Take part in a European Championship or World Championship once in your skat career! If possible, abroad. Think about it: How many world championships of other sports can you think of that you could participate in "just like that" without having to qualify?

I have already competed abroad in three other sports (table tennis, running, triathlon) and it has always been one of the highlights of my sporting "career". And so it was with the Skat World Championships in Edmonton. Just the stimulation in Denglisch from the mouths of Canadians and Americans was simply heavenly. And how many times have you played Skat against non-Germans? A reunion with familiar faces and (Skat) friends outside your own home country also awakens the nice feeling of being part of a sporting community and the microcosm Skat.

I was particularly impressed by the cheerful, communal, almost familiar atmosphere during and off the tournament. Above all, the always cheerful Canadians, who constantly created a good atmosphere. The victory in the nations ranking did not detract from this. On home soil. A Canadian with bronze in the singles. Four finalists from their own country. And a finalist at the first participation. With announcement! #ArnoVonHacht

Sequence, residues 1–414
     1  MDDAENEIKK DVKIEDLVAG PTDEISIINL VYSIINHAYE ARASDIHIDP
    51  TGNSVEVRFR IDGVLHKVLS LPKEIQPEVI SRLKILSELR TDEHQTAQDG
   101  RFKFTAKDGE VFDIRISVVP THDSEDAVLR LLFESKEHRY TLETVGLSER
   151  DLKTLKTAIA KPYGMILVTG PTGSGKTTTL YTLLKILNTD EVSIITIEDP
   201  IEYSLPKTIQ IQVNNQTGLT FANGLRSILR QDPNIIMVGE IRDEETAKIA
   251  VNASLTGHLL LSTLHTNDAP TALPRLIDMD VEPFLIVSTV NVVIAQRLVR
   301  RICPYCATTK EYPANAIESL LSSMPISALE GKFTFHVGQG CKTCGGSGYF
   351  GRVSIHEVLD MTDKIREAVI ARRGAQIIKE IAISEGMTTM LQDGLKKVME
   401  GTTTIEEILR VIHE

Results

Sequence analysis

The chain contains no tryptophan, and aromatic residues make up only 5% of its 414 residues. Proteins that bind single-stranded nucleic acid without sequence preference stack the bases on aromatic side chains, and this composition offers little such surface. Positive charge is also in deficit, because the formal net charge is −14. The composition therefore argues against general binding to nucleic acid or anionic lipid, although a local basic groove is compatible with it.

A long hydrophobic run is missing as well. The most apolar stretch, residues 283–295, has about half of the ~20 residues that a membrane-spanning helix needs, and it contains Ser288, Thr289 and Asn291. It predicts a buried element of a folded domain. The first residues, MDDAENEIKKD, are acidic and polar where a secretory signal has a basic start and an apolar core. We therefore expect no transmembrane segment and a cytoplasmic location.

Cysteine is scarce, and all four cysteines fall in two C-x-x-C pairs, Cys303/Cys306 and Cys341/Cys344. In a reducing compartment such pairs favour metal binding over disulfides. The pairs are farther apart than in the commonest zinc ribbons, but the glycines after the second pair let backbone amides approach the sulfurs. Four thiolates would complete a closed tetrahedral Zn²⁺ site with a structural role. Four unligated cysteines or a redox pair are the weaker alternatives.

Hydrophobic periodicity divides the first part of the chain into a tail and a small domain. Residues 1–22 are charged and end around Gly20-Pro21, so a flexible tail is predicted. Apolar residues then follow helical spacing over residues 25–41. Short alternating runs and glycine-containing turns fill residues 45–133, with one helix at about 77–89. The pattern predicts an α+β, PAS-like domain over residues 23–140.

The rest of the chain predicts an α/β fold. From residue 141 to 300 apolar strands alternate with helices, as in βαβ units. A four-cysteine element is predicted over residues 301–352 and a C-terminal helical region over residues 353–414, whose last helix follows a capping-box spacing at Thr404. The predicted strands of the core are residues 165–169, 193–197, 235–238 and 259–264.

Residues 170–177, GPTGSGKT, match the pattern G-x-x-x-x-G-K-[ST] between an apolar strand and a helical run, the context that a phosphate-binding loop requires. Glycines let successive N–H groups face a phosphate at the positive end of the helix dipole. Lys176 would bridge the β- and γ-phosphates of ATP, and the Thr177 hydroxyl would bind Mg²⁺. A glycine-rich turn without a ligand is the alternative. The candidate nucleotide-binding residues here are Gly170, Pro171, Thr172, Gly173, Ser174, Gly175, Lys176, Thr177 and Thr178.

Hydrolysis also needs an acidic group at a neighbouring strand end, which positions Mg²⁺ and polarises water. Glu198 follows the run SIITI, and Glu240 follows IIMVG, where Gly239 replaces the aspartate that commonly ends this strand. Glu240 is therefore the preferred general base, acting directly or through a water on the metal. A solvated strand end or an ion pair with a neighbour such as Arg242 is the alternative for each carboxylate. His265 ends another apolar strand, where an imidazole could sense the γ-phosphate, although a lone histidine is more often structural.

An unknown tradition of the Canadians was to stand up loudly after you had returned to positive territory with your points.

Edmonton Kanada Skat Nationalmannschaft Weltmeister Ron Link Thomas Lang Horst Hagen
Team Kanada

In order to enable even more players to participate in a European Championship or World Cup, I think it will be necessary, especially in view of the sad trend of membership decline, to hold a major event in Europe. It will never be possible to please all sections and their members. How? But the majority of skat players live in Central Europe.

Even if you can only win and lose against the people who compete, the more participants a tournament had, the more meaningful the rankings are.

Despite all the sensitivities (for example, doubts about the players quality of this World Cup) that arise naturally when people meet, I would like to remind you how privileged we are to even think about it, let alone travel nationally to skat events and to be able to practice our beloved hobby Skat. How many people are denied the right to hold playing cards in their hands!?